Ned Overend’s 1992 Specialized M2

Now THAT Was a Bike: Ned Overend’s 1992 Specialized M2

Words by Mike Kazimer , Pinkbike // Photos by The Pro’s Closet

1992 Specialized M2 Ned Overend-29

Cross-country racing was approaching its heyday in 1992, and the top racers from that era have become legends of the sport. Ned Overend, John Tomac, Thomas Frischknecht, Juli Furtado, Ruthie Matthes – those names are forever etched in the history books as part of the first wave of mountain bike racers to make their marks on the national and world stage.

Bike technology was rapidly advancing, but looking at the top bikes of the day makes it glaringly obvious just how far we’ve come over the last two decades. The advent of V-brakes was still a few years off, and disc brakes were even further down the road. For this edition of ‘Now THAT Was a Bike’ we’re diving into the details of Ned Overend’s 1992 Specialized Stumpjumper M2, the bike he rode to the lead in the NORBA National point series, along with two World Cup victories.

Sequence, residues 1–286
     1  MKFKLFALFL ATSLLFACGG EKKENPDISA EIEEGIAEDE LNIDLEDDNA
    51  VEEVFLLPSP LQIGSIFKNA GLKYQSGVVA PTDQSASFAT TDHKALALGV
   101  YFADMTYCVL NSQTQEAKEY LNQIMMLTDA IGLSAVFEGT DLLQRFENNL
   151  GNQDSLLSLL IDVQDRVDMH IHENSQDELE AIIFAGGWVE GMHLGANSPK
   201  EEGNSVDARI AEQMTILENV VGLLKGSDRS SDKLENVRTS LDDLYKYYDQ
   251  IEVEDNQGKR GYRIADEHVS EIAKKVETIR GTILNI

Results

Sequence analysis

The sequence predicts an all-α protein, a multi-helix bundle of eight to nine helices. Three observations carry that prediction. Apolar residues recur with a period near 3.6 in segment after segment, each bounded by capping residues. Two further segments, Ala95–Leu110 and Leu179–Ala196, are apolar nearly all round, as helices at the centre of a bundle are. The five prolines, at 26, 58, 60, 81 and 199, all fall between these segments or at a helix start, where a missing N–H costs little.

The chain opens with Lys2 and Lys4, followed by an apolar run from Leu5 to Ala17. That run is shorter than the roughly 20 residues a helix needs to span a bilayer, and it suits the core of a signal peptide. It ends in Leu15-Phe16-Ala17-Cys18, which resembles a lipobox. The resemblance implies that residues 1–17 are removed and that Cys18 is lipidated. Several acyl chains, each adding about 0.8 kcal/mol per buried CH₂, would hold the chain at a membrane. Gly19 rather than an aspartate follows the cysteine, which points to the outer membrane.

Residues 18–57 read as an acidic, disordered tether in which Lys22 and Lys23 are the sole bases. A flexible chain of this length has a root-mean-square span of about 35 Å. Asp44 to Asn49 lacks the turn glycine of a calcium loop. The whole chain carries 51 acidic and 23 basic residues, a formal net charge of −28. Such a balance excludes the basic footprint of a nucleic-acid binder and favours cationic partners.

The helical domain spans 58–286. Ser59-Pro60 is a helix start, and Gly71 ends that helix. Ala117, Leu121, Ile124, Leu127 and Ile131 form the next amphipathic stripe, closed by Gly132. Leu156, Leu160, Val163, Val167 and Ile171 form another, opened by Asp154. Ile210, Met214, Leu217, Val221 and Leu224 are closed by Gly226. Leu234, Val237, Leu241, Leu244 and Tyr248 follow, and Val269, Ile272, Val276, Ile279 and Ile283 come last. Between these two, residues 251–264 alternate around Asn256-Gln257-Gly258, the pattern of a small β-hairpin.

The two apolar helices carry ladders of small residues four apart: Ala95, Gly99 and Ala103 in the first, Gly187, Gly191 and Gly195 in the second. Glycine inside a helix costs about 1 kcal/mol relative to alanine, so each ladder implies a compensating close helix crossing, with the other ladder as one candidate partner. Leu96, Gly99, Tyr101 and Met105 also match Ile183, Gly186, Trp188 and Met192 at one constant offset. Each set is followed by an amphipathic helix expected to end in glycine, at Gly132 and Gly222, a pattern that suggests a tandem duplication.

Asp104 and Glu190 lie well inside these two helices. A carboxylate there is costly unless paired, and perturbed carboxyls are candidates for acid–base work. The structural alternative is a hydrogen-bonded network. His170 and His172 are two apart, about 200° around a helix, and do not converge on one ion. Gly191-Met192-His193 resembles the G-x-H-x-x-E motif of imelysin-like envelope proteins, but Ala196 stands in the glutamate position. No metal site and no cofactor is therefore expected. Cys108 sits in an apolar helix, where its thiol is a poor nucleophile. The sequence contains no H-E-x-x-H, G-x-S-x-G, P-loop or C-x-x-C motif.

1992 Specialized M2 Ned Overend-20      1992 Specialized M2 Ned Overend-22

The Specialized Future Shock had 50mm of air sprung travel and weighed in at 1406 grams.

1992 Stumpjumper M2 Details

The team edition Stumpjumper was constructed from Specialized’s M2 alloy, a mix of aluminum and aluminum oxide that the company developed in conjunction with the Duralcan Corporation. According to Ned Overend, “The bike was pretty light for the time and durable – I never broke one. There were some issues with getting paint to stick on the frame as you can see on the downtube.” The weight of the bike as shown is 26 pounds, 14 ounces, which wouldn’t have been anything to scoff at in the early ’90s, but is quite heavy when compared to a modern World Cup XC race bike.